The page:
Unrealistic value for drag coefficient

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August 1, 2018, 11:54
Unrealistic value for drag coefficient
#1
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Matthew Wang
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Hello,
I am new to this forum, and this is my first post. Please do point out if I am doing anything inappropriate. Thanks.

I am using ANSYS Fluent 18.2, but this problem I believe is not really specific to the software package. It should be more related to my method.

The problem I am having at the moment is the drag coefficient from CFD is not matching wind tunnel experiment data. CFD result is lower than experiment result.

I am trying to reproduce a wind tunnel experiment in CFD so as to better understand the flow field. The wind tunnel is 3D of course, but the setup is uniform in the Z direction so I think I can simplify this into a 2D problem.

The setup is a cylinder subject to free stream, with an airfoil section behind it, aligned with its center line. It is well known that vortex will shed off the trailing edge of a cylinder, thereby introducing drag. We think if obstruction is placed on the center line in an appropriate position downstream, it will impede the motion of the vortex crossing onto another side periodically so there would be less shedding, hence less drag.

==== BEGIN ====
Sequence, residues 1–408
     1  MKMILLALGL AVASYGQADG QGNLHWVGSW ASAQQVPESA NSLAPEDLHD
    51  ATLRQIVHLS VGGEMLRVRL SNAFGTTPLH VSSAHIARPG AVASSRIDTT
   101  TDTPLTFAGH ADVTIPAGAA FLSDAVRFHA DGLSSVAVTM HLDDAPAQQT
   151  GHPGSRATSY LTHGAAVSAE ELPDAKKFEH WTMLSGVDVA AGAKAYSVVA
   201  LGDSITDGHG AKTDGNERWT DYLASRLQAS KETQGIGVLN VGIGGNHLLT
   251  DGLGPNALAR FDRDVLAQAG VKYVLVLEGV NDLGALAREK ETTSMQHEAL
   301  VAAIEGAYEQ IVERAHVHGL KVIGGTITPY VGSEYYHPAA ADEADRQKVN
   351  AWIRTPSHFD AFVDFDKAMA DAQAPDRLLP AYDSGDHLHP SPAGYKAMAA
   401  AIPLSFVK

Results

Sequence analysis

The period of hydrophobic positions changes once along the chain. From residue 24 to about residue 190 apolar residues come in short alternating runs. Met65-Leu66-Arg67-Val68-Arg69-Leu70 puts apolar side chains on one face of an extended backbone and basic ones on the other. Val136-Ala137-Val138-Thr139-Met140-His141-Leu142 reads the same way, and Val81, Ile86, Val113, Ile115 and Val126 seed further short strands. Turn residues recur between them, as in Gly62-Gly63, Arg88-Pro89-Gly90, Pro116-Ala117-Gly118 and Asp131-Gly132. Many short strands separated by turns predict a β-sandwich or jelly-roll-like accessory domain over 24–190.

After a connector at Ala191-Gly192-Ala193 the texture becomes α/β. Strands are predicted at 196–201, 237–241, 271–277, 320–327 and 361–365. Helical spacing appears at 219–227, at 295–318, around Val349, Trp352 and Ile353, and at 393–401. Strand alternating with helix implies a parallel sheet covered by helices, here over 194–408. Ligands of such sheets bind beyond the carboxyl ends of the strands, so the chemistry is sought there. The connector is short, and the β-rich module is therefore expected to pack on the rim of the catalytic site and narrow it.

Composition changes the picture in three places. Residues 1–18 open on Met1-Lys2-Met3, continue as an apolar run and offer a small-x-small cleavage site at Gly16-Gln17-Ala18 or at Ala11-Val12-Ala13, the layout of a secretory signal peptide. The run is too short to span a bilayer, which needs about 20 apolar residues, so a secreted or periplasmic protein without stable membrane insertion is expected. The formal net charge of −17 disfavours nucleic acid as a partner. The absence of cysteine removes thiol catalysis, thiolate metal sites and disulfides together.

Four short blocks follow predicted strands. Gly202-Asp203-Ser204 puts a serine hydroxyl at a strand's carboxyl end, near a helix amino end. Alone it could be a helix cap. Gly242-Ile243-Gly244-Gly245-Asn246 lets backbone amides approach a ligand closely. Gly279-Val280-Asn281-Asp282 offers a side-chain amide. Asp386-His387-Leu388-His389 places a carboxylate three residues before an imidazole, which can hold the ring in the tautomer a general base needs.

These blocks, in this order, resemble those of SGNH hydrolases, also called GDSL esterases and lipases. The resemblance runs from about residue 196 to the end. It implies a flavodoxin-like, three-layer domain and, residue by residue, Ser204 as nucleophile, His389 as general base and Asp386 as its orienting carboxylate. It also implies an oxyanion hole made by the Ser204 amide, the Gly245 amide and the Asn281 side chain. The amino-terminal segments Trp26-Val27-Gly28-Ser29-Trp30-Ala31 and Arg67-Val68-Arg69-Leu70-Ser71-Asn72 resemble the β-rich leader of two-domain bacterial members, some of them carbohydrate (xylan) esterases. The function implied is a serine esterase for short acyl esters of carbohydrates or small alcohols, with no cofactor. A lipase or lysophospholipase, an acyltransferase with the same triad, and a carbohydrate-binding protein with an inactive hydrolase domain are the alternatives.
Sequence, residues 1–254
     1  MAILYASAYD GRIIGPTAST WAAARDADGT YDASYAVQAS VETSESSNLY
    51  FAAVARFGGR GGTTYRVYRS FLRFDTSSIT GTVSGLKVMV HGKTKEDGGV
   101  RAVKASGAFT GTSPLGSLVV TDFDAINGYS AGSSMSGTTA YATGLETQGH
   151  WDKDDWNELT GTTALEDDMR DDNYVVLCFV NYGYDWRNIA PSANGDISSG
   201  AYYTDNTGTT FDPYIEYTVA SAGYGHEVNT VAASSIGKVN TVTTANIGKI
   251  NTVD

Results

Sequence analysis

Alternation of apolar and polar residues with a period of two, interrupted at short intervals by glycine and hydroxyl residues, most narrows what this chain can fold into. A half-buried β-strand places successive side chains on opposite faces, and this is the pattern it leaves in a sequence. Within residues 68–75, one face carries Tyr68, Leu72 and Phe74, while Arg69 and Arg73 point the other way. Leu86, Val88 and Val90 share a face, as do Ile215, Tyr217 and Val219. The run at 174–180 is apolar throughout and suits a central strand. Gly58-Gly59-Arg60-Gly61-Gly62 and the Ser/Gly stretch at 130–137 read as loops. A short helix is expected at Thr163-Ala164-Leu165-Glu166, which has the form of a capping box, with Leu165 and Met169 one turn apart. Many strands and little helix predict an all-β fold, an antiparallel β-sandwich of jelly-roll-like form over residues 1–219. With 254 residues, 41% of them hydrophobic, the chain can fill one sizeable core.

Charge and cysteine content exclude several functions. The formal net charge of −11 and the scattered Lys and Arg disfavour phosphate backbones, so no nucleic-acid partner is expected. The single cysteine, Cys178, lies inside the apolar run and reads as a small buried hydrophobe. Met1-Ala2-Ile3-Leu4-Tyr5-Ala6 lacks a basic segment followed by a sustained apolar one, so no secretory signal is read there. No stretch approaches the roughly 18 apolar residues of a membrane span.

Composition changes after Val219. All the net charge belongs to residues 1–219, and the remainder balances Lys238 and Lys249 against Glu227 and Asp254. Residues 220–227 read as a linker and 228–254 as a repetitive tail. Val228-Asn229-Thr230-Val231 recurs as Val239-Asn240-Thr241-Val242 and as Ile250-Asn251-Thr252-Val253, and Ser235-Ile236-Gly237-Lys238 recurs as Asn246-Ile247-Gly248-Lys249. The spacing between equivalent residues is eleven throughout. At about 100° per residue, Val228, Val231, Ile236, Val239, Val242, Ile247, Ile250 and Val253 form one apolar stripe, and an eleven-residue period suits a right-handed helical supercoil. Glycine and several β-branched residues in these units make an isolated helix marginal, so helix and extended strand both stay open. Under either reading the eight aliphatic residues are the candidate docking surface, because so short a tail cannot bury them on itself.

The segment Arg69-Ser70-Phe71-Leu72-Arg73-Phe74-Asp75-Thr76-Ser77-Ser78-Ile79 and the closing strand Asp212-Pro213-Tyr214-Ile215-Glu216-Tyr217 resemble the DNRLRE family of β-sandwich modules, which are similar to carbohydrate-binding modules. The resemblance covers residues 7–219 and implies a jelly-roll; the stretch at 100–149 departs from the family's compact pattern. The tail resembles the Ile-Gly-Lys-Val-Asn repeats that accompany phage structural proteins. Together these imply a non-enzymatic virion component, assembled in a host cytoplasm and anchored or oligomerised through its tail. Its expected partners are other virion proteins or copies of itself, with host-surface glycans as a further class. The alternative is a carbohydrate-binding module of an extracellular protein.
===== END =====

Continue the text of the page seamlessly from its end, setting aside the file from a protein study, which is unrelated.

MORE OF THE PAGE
The wind tunnel uses a scaled down model because the test section is small. The cylinder of interest is 200mm diameter, and in the experiment the model was 75mm diameter (the airfoil scaled down accordingly). In the CFD model I am using real size.

The wind tunnel runs at ReD=1.1e5, and I will match this in the CFD analysis (by decreasing flow speed). Working fluid is air with density 1.225 and viscosity 1.7885e-5, same for tunnel and CFD.

The wind tunnel data, after correcting for the carriage drag and tunnel blockage, is:
• bare cylinder in free stream, Cd=1.21
• cylinder with airfoil, cylinder Cd=0.91, airfoil Cd=0.02

Please note that the reference area for drag coefficient is frontal area of the cylinder, ie diameter * depth

My computational domain is rectangular, with the following dimensions (from center of cylinder):
• 2.5m upwind (12.5D)
• 5m downwind (25D)
• 2.5m to each side (12.5D)

Cell count is approximately 500k. The cylinder and airfoil surface have surface sizing and inflation of 25 layers. The mesh is fine around the cylinder and airfoil, and getting coarse far away. The most coarse mesh measures 0.02m. Meshing method is all triangle, except in the inflation layer, where the mesh is like rectangular (with curvature). I have attached some screenshots of the mesh. I think my inflation is adequate to resolve for the boundary layer.

Physics setup is as follows:
• model depth is 1m so that reference area is 0.2m^2
• velocity inlet at 8.028m/s (so that ReD=1.1e5)
• pressure outlet at 1 atm ie 0 gauge pressure, because the tunnel is open loop ie discharge into the room